MANCHESTER, England – West Indies assistant coach Roddy Estwick has urged the West Indies to remain united in the face of a difficult World Cup campaign. He has also warned that now is not the time to “look for excuses”, ahead of their key clash with New Zealand on Saturday.
The Caribbean side slumped to a devastating seven-wicket defeat to Bangladesh yesterday, leaving them seventh in the 10-team table on three points and with a single win in five outings.
And with another defeat to the Black Caps all but likely to crush the Windies’ hopes of a top four place, Estwick said it was now time for the side to display their mettle and take responsibility.
“We can stand here, saying ‘if this’ and ‘if that’ – we didn’t play well, we’ve lost the cricket game and that’s that,” Estwick said of the defeat to Bangladesh.
“We’ve got to come back stronger. We’ve still got four games left in the tournament and we can’t point fingers or apportion blame to anyone.
“We have to stick together; that’s how good teams pull through. We’ve got to stop looking for excuses and start finding solutions.”
West Indies handed Bangladesh a challenging target of 322 but the Tigers produced their highest ever successful run chase in One-Day Internationals to win with 51 balls remaining.
They were guided by Shakib Al-Hasan’s unbeaten 124 and Liton Das’ unbeaten 94, the pair posting a record unbroken fourth wicket stand of 189 to see their side home comfortably.
Estwick said the Windies’ total had been well short of a really competitive one, especially considering the size of the Somerset County Ground.
“If you look at it, I thought we were 60 runs short on that pitch and on that size field. We then didn’t take the opportunities that came our way,” he pointed out.
“We were always behind Bangladesh once they got through to 70 for one. The big players didn’t kick on but saying that, we made 321 runs and should have been able to defend that.”
West Indies relied on five quicks for the contest after overlooking frontline spinner Ashley Nurse. However, the tactics of using aggressive short-pitched bowling, which was successful against Pakistan and Australia, failed to produce results this time around as Bangladesh feasted on the Windies’ attack on a good batting strip.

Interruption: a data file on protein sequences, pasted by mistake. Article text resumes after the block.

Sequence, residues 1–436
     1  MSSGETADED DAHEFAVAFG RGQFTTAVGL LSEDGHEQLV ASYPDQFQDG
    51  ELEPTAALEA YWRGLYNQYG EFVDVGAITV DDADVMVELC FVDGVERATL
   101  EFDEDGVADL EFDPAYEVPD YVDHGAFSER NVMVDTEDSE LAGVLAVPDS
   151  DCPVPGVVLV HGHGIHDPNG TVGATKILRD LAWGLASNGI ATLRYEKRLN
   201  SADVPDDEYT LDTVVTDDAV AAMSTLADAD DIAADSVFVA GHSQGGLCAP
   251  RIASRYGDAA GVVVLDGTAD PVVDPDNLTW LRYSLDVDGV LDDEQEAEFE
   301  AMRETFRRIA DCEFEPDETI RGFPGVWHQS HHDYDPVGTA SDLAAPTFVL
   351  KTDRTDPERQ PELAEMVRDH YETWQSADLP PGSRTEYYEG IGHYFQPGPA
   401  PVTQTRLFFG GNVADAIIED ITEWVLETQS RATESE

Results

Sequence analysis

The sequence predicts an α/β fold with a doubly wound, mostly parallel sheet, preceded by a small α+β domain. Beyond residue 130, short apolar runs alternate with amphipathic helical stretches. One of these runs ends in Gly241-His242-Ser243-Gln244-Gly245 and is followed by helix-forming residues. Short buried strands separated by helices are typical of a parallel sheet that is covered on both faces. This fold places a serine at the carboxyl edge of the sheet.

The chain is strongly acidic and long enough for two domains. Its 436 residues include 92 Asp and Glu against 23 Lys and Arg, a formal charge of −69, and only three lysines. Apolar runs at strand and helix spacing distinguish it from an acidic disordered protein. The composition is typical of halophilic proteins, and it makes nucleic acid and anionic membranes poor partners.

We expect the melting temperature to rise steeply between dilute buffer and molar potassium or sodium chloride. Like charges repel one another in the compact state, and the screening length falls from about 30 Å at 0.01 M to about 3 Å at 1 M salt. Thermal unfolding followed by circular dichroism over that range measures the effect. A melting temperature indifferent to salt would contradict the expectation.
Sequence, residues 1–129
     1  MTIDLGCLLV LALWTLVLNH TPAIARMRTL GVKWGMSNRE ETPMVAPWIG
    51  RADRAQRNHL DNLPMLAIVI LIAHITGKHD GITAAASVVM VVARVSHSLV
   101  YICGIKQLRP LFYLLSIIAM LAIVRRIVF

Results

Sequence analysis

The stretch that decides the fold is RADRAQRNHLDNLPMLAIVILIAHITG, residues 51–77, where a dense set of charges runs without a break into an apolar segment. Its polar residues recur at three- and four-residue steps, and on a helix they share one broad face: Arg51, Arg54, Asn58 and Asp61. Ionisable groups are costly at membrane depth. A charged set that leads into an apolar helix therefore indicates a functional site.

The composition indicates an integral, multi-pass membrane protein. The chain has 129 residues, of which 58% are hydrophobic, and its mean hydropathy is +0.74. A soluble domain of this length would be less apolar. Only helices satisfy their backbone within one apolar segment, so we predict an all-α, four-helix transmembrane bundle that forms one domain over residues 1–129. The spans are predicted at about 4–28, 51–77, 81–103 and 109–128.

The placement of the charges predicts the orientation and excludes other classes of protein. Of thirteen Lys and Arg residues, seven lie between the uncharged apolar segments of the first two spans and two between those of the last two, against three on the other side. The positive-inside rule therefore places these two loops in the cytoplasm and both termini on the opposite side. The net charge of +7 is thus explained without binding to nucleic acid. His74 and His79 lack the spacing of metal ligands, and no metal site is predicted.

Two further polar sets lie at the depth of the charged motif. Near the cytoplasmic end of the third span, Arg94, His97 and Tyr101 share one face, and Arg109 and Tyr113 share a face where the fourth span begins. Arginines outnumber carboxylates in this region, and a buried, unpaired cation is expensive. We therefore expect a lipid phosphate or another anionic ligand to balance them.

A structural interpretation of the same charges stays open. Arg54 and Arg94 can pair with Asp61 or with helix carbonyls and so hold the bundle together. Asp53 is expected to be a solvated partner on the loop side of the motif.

While Estwick stood by the decision to omit a specialist spinner, he was also quick to praise Bangladesh who have now beaten West Indies eight times in their last 10 ODI meetings.
“Four years ago, everyone was saying how exciting and refreshing West Indies cricket looked,” the former Barbados fast bowler contended.
“Hindsight is a wonderful thing. If we’d bowled spin against Bangladesh, everyone would have said that we should have stuck to our strengths. Four games down the road, it’s the worst tactic in the world.
“Give Bangladesh credit. They played well and they’re an improving side. They’ve played us now five times in the recent past and have beaten us every time. We just have to go away and put our heads together and find a solution.
“We’re not down and out yet. We’re going to fight and come back harder.”
In addition to New Zealand, the Windies also must face the powerful India team on July 27 in a must-win encounter.
Meanwhile, middle-order mainstay Shai Hope called on his teammates to dig deeper and find a way to win the vital contest against the Kiwis.
“It’s now must-win. We have to put everything into getting those runs [on the board],” Hope said.
“As a team, we have to go back to the drawing board, find solutions and go and win the game.”
The right-hander top-scored with 96 in the West Indies loss to Bangladesh but despite his performance, he copped criticism for the pace of his innings. He faced 120 balls and struck just four fours and a six before falling in the 47th over with West Indies still under 300.
The 25-year-old said while there was a need to increase his strike rate, he had also been mindful of the importance to hold the innings together in partnerships.
“Whenever I step to the crease, it’s a case of batting as long as possible. [You] don’t leave it for anyone else in the final overs – you just have to take responsibility,” Hope said.
“I can massively improve it [the strike rate]. Whatever I can do to improve, I’ll do that but it was a bit of a difficult spot for me in the sense that we keep losing wickets in the middle overs and putting the lower half under a bit of pressure.
“Having said that we need to keep the innings together and get as many runs as we can, especially in the back-end.”
Hope has been West Indies’ most successful ODI in recent years, averaging 50 from 59 matches with six hundreds. (CMC)